Edinburgh Workplace Parking Levy could raise over £10m a year

Friday March 3rd 2023

Midlothian-Council-kia-e-niro-electric-car-use


Written by Local Democracy Reporter, Donald Turvill

A workplace parking levy could raise over £100 million for Edinburgh’s public transport system over 10 years, estimates have revealed.

However, city councillors remain concerned over the “unintended consequences” of the scheme which they are yet to rubber stamp.

The council’s transport convener said the Labour administration still looks at the idea of charging people to park at work “with some nervousness.”

Other political groups also remain cautious about further taxation on businesses and workers.

Despite misgivings councillors agreed to move to the next steps, which will involve putting plans to the public to gather views on what the scheme should look like in its final form and what revenue raised by it should be spent on.

Drivers are charged an annual fee for parking at their place of employment under a workplace parking levy (WPL) if the cost is not footed by employers.

A report showed the cost could be between £500 and £750 in the capital which the council says has a maximum of 35,000 parking spaces that would be liable for a charge.

Based on those figures, it’s estimated the levy could raise between £5 million and just under £15 million a year for investment in public transport and active travel depending on the size of the WPL zone and extent of exemptions for certain workers.

The council has modelled much of its business case on Nottingham’s WPL which brought in over £25 million in its first three years.

However, significant work still has to be done in Edinburgh and it is likely to be at least another two years before it is implemented – if councillors give final approval.

The transport and environment committee discussed the latest update on the WPL on Thursday and agreed to move towards launching a public consultation.

Labour transport convener Scott Arthur said his party continues to have concerns about parking being displaced to streets surrounding workplaces and the impact on shift workers who commute to and from work at times when there are less regular or no public transport links.

He added: “I think we also know that trade unions have known concerns.”

Under the powers agreed by Holyrood in 2019 NHS workers and blue badge holders will not be charged. Other exemptions, which could be agreed by council include waiving fees for small and medium sized businesses.

Furthermore, the report said a ‘task force team’ could be set-up to monitor and respond to any displacement parking issues that arise.

Kevin Lang, Lib Dem group leader, said he was worried about the WPL being “all stick, no carrot” and called for information around the specific opportunities for investment in projects to be detailed in the consultation.

He said: “I think we’ve got the basis of a workable scheme.”

However, he added: “I am not without my anxieties about some of the unintended consequences of this if we don’t get it right.”

Councillor Lang pointed out the council has “very ambitious plans particularly around public transport and active travel.”

He added: “I think it is right and proper that we look at how do we go about getting the transformation money that is necessary if we are really going to drive forward the kind of improvements that give people public transport alternatives to the car – alternatives that simply don’t exist at the moment.”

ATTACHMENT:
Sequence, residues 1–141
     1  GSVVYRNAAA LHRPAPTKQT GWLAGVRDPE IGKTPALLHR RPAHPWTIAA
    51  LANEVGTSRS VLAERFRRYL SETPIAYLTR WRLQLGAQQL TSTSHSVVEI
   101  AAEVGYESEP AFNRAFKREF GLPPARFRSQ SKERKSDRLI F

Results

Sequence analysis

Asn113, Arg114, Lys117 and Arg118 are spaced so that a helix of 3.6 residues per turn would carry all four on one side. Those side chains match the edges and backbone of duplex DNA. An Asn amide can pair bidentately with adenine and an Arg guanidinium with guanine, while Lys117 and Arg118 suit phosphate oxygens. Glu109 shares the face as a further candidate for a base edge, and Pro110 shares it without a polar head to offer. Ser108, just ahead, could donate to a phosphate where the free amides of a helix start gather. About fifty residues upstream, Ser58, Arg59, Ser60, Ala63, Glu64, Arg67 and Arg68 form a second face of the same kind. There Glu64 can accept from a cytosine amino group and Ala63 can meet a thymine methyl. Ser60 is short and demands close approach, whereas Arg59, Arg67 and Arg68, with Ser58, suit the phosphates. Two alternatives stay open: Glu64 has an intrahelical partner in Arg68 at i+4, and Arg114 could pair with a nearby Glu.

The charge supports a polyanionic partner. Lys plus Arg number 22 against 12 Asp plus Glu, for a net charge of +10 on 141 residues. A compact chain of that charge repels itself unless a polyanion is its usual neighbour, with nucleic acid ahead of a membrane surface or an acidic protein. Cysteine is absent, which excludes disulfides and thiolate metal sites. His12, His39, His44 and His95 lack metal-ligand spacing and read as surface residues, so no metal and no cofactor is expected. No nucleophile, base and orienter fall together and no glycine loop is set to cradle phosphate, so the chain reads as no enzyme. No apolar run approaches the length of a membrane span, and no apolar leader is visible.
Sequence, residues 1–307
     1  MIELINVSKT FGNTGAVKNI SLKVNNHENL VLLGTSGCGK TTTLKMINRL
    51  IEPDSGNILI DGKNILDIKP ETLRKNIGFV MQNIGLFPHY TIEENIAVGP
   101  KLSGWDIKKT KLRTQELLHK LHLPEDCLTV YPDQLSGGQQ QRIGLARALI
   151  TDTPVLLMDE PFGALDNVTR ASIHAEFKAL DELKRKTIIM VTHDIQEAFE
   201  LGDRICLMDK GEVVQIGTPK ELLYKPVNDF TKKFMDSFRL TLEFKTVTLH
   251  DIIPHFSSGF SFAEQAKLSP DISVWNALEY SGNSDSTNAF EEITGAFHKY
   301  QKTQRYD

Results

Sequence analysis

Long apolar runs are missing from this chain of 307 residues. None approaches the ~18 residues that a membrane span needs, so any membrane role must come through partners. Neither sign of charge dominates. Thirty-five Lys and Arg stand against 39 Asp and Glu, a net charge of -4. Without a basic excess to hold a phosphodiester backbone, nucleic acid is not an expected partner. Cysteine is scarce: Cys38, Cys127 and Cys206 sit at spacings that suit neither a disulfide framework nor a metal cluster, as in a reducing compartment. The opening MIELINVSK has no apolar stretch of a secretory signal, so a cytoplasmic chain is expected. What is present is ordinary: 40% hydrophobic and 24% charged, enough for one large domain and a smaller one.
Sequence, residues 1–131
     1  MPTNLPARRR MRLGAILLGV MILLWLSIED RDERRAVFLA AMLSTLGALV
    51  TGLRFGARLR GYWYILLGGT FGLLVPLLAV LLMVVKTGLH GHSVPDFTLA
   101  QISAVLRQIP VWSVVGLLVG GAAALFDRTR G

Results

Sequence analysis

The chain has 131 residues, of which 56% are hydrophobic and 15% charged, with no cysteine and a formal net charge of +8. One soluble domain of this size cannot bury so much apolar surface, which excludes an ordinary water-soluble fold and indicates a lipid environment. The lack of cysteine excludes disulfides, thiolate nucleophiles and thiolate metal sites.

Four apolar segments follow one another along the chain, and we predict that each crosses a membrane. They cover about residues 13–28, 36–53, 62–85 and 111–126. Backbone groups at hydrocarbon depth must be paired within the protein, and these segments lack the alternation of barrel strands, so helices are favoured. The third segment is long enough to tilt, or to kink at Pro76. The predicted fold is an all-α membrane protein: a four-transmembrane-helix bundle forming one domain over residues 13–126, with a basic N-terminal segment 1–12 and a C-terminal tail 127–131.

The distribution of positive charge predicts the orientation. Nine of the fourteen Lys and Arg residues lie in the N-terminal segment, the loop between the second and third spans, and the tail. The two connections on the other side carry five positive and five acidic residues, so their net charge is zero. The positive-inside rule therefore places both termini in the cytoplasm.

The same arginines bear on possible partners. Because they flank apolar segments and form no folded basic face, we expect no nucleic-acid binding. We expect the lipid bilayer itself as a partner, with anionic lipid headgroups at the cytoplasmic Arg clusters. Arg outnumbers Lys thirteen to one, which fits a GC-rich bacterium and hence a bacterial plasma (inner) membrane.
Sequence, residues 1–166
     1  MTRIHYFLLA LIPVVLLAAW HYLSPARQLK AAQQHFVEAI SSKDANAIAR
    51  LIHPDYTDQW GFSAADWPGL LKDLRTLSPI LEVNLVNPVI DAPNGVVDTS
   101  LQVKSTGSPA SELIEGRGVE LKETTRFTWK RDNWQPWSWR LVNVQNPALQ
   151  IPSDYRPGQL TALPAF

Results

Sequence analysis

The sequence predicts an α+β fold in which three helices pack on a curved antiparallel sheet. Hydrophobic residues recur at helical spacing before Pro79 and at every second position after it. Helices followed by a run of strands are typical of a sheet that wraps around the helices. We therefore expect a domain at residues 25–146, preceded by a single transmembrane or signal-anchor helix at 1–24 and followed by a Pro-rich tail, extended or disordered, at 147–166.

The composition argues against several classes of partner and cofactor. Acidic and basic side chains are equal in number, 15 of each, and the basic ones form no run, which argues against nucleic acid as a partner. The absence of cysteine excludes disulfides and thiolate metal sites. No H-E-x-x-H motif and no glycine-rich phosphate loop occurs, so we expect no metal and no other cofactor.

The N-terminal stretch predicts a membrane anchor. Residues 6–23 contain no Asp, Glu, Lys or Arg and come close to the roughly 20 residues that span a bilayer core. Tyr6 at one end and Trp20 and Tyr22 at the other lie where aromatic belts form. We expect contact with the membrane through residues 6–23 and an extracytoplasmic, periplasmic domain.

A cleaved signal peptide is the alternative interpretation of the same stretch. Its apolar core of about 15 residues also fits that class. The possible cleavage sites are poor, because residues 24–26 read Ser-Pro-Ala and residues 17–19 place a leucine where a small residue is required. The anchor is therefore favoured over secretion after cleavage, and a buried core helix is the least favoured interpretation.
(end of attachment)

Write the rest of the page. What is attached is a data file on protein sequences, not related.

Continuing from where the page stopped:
He said the Lib Dems gave the plans a “cautious welcome” and were “keen to move forward” but added the group still needs reassurance on “significant issues.”

Christopher Cowdy, Conservatives, called it “an unnecessary tax on workers,” adding: “We just don’t see this as a good policy.”

With the authority’s Labour and Tory councillors opposed to it going ahead, support from the Lib Dems will be crucial if the SNP and Green-backed WPL is to get final approval.

Although it is not believed the workplace parking charge will directly reduce congestion in the city, subsequent investment in buses, trams and active travel could eventually take more motorists off the road, helping to meet the council’s goal to reach net zero and reduce the number of car journeys by 30 per cent, both by 2030.

Green councillor Claire Miller said: “In order to deliver targets like that we have to do our best to use all of the levers and policies we have at our disposal.”

The SNP’s Danny Aston stressed the levy could raise “substantial revenue for transport projects.”

He added: Pretty much any city-wide scheme would generate above £10 million a year.

“Any of us having come through the budget process last week with all the discomfort and pain that that involved would welcome those funds to do many of the things we know our city needs.

“The best mitigation for low paid workers and for shift workers is for their employer to pay the levy, not to pass it onto them. There are massive transport inequalities in this city right now – 45 per cent of residents have no access to a car, many of those who do are compromising on other things in order to afford one. The workplace parking levy could help level that playing field.”

Councillor Arthur pushed for the scheme to be put on pause if trade unions are “not seen to be in support” following engagement, however the move was not supported by SNP, Greens and Lib Dems, whilst the Conservatives abstained from voting.

Councillors agreed the consultation should be completed by the end of February 2024.

Tweet Share on Facebook  
 

Subscribe to the Midlothian View newsletter




Support Midlothian View from as little as £1. It only takes a minute. Thank you.

Comments are closed.

 

Midlothian View Advertising